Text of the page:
This recipe for almond honey nougat resembles the popular European sweet Torrone. It is a chewy, sweet confection studded with three kinds of crunchy nuts and delicately scented with extracts and orange blossom water.
This recipe requires careful timing, so be sure to have read the instructions carefully and have all of your ingredients prepared before beginning. It is best to make nougat on a clear day with low humidity--excess moisture in the air can interfere with the texture of the final product. Be sure to check out the photo tutorial with step-by-step instructions showing how to make nougat.
- 3/4 cup hazelnuts (whole, toasted)
- 3/4 cup almonds (whole, toasted)
- 3/4 cup pistachios (whole, toasted)
- 2 cups sugar
- 1 cup light corn syrup
- 1/2 cup honey
- 1/4 teaspoon salt
- 1/4 cup water
- 2 egg whites (room temperature)
- 2 teaspoons vanilla extract
- 1 teaspoons almond extract
- 1/4 cup butter (softened)
- 1 teaspoon orange blossom water (see note below)
- Optional: Edible rice paper (see note below)
Prepare a 9x13 pan by lining the bottom with edible rice paper.
Place sugar, corn syrup, honey and water in a large heavy saucepan over medium heat. Stir constantly until the sugar dissolves, then use a wet pastry brush to wipe down the sides of the saucepan to prevent sugar crystals from forming.
Insert a candy thermometer and continue to cook the syrup, without stirring, until the candy thermometer reads 252.
When the sugar syrup is nearing the proper temperature, begin to beat the egg whites until stiff peaks form. Try to time the beating so that the stiff peaks stage coincides with the proper temperature of the syrup. If the egg whites are ready before the syrup, stop the mixer so that they are not overbeaten and crumbly.
Once the sugar syrup is at 252, carefully remove 1/4 cup of syrup and keep the rest of the syrup on the heat. With the mixer running, slowly pour the hot 1/4 cup of syrup in a thin, steady stream into the egg whites. Beat the whites at high speed for five minutes until they hold firm peaks.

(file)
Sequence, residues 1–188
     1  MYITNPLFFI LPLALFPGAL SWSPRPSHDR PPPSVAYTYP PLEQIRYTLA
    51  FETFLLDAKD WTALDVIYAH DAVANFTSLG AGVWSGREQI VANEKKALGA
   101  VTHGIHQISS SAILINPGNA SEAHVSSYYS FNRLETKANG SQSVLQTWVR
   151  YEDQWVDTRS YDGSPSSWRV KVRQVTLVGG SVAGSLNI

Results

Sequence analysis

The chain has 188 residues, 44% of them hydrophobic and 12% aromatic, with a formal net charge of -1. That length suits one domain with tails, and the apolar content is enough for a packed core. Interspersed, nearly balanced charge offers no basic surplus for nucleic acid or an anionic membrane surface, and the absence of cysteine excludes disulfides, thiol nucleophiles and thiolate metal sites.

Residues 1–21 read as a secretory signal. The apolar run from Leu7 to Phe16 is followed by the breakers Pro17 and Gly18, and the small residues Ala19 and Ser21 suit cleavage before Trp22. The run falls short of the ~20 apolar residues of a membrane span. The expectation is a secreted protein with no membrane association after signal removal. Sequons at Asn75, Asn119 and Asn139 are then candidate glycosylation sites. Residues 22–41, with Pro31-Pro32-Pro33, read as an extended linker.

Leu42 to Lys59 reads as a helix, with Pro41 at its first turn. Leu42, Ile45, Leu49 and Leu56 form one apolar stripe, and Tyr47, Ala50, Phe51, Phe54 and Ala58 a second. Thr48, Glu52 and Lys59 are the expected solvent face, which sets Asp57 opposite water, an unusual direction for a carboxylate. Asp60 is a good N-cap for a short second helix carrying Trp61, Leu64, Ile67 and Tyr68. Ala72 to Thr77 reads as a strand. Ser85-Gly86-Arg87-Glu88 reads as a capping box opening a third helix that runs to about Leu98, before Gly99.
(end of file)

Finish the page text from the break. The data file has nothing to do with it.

While the egg whites are being beaten, continue to cook the sugar syrup until the thermometer reads 315. Monitor the syrup carefully, as it can quickly overheat and burn near the end of the cooking process.
Once the syrup reaches 315, remove the pan from the heat. If you have a large heat-safe measuring cup with a spout, pour the sugar syrup into the cup to make it easier to pour into the mixer. If not, be sure to be very cautious when working with such hot liquids. With the mixer running, pour the hot syrup slowly into the egg whites. Beat them on high for an additional five minutes, or until they hold their shape.
Stop the mixer and add the vanilla extract, almond extract, orange blossom water, salt, and butter. Turn the mixer back on and for an additional five minutes or until a thick ribbon forms when the whisk is lifted from the bowl. Stir in the nuts by hand.
Pour the nougat into the prepared pan, and use an offset spatula or knife sprayed with nonstick cooking spray to smooth the top. Cover the top completely with another sheet of rice paper. Place a second 9x13 pan on top of your nougat, and place a large book or other heavy object in the pan to weigh it down.
When you are ready to cut the nougat, spray a knife with nonstick cooking spray and run it along the edges of the pan to loosen the candy.
Turn the nougat out onto a cutting board. Using a knife sprayed with nonstick cooking spray, cut the nougat into small squares or rectangles. Nougat can be served immediately or stored in an airtight container at room temperature. You might want to wrap the pieces in waxed paper so that the sides do not stick together. Serve nougat at room temperature.
- Orange blossom water can be found in Middle Eastern markets and in some large grocery or specialty stores. If you can’t find orange blossom water, it can be omitted, but the flavor will not be quite the same.
- This recipe also calls for edible rice paper, also known as wafer paper. The rice paper helps prevent the nougat from sticking to everything and makes it easier to cut, serve, and store the candy. It can often be found in Asian food markets and in some gourmet stores, or purchased online. Sugarcraft carries rice paper, and I have had good luck buying it on eBay for a low cost. (Note that edible rice paper is not the same as thin rice paper wrappers intended for spring rolls). If you cannot find any, line your pan with parchment paper or foil and spray it thoroughly with nonstick cooking spray.